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Must-know: An overview of the US coal industry

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U.S. coal industry

The U.S. coal industry is going through a hard time. The met coal market is oversupplied because of a slump in demand. The domestic thermal coal demand could slowly become extinct. The decline is led by the shale gas boom and U.S. Environmental Protection Agency’s (or EPA) “war on coal.”

We’ve covered the shale gas boom and EPA regulations extensively in our coal section. In this series, we’ll discuss the different types of coal. We’ll discuss the economics of the different coal producing regions in the U.S. You’ll learn how it could affect your investment in coal stocks and exchange-traded funds (or ETFs) like the VanEck Vectors Coal ETF (KOL).

We’ll start by discussing the U.S. coal sector. Click here for a more detailed overview of the U.S. thermal coal industry.

Reserves

Second largest coal producer in the world

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With just under a billion tons produced in 2013, the U.S. ranks second in coal production. China is the largest producer with 3.7 billion tons. However, the U.S. holds much higher coal reserves at 237 billion tons—over a quarter of the world’s coal reserves. China has coal reserves at 114 billion tons. At the current consumption rate, the U.S. reserves can last for over 200 years. China’s reserves will be exhausted in just over three decades.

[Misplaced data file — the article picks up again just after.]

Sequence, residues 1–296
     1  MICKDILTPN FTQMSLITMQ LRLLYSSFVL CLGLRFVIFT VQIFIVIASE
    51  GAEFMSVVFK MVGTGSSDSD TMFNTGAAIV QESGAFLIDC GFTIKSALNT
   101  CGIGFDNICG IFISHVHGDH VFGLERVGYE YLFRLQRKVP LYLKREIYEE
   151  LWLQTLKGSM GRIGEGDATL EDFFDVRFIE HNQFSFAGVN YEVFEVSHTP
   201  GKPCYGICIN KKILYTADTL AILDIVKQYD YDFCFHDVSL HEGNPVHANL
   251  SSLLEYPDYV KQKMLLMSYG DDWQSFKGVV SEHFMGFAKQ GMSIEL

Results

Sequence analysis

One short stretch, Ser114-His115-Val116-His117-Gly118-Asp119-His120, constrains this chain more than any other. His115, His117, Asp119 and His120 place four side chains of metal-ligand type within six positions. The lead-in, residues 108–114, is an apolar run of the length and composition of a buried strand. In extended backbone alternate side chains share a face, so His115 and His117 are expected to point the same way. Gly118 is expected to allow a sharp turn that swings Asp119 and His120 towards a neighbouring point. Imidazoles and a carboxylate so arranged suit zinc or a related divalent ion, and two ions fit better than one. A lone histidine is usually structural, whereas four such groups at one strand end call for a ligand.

Coal is mined in 25 states across the U.S. Five states—Wyoming, West Virginia, Kentucky, Pennsylvania, and Illinois. It accounts for over 70% of the total production. The North Antelope Rochelle in Wyoming—owned by Peabody Energy, (BTU)—is the largest coal mine in the world. It has estimated reserves of more than 2.3 billion tons. Apart from North Antelope Rochelle, two other mines—Black Thunder (ACI) and Coballo, both located in Wyoming—are on the list of the ten biggest coal mines in the world.

All coal isn’t black

All coal isn’t the same. Coal has different qualities and characteristics. It’s necessary for us to understand coal’s basic characteristics before we move on and talk about the different coal producing regions in the U.S. It’s important because coal regions’ economics are different based on the characteristics. The outlook is different for the various coal regions. The characteristics will help us understand why Walter Energy (WLT) is having a hard time while Cloud Peak Energy (CLD) is in better position.

We’ll discuss the characteristics of coal in the next part of the series.

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